The pavilion itself is made out of bent wood; it’s beautiful. Without the architecture the spot wouldn’t be the magnet for people the way it is now. This shows the potential a building has to inspire change." - Jeanne Gang

The Nature Boardwalk runs around the pond, passing through educational zones that highlight the animals, plants and habitats / Tom Harris Photography
The Nature Boardwalk runs around the pond, passing through educational zones that highlight the animals, plants and habitats Tom Harris Photography
The Nature Boardwalk runs around the pond, passing through educational zones that highlight the animals, plants and habitats / Tom Harris Photography
The Nature Boardwalk runs around the pond, passing through educational zones that highlight the animals, plants and habitats Tom Harris Photography

National Building Museum's Summer Block Series

As CLADmag was going to press, Studio Gang revealed the first details about the interactive installation they are creating for the National Building Museum’s 2017 Summer Block Series in Washington D.C.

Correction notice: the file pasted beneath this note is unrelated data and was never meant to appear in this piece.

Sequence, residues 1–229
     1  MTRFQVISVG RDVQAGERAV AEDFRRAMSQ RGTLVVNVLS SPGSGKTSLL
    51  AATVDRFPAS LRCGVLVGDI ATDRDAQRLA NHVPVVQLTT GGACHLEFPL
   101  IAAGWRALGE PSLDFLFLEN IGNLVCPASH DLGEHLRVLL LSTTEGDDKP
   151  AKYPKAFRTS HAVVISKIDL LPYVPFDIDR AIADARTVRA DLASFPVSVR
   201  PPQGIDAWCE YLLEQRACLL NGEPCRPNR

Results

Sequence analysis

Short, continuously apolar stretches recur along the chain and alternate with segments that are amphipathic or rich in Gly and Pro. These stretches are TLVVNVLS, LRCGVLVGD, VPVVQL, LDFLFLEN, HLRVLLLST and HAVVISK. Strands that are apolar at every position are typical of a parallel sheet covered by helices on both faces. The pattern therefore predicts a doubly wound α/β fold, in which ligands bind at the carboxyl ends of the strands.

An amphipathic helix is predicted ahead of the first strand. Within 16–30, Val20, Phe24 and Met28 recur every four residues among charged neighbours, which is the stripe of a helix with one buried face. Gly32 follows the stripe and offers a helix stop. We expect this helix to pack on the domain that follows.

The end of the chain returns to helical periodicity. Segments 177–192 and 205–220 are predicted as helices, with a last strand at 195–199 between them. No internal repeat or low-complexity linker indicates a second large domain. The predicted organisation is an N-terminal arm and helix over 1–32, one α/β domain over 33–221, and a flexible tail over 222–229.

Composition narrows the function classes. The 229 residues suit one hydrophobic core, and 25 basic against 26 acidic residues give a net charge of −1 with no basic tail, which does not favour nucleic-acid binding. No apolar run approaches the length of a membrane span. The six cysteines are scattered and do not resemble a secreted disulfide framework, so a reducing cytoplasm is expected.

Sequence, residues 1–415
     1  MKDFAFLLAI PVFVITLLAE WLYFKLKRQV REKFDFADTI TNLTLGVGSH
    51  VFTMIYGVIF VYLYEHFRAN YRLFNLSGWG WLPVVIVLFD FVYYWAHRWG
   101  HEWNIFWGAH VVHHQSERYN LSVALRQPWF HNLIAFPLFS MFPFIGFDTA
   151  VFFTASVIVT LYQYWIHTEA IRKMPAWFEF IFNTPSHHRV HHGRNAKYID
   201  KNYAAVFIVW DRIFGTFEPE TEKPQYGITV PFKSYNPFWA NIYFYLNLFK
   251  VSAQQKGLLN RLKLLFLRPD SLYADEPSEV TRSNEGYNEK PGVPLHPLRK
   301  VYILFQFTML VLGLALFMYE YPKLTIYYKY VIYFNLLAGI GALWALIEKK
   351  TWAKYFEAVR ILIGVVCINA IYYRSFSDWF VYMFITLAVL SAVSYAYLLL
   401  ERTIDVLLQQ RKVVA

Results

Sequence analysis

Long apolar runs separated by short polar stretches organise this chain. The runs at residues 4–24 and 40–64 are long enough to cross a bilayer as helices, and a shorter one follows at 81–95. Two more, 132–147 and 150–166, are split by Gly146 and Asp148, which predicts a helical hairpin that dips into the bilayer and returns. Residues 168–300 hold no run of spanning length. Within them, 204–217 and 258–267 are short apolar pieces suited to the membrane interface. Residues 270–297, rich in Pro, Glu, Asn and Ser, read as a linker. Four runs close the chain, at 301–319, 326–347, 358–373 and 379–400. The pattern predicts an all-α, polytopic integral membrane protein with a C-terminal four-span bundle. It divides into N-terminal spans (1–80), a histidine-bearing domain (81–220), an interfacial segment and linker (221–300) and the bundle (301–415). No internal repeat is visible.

The intricate structure, called Hive, will be formed of 2,700 wound interlocking paper tubes of different sizes – from several inches to 10ft high. They will feature a reflective silver exterior and vivid magenta interior, “creating a spectacular visual contrast with the museum’s historic nineteenth-century interior and colossal Corinthian columns.”

Soaring to the uppermost reaches of the museum’s Great Hall, Studio Gang’s creation will feature three interconnected, domed chambers reaching 60ft in height. The tallest dome will feature an oculus over 10ft wide.

By utilising the catenary shape, each chamber will balance structural forces and support its own weight, while attaining a height that enables a unique acoustic signature.

“You almost feel like you’re in an outside space because of the distance sound travels before it is reflected back and made audible,” said Jeanne Gang, who revealed the domed form is inspired by built structures such as Eero Saarinen’s Gateway Arch in St. Louis and Filippo Brunelleschi’s Dome at the Florence Cathedral in Italy.

 / ©studio gang
©studio gang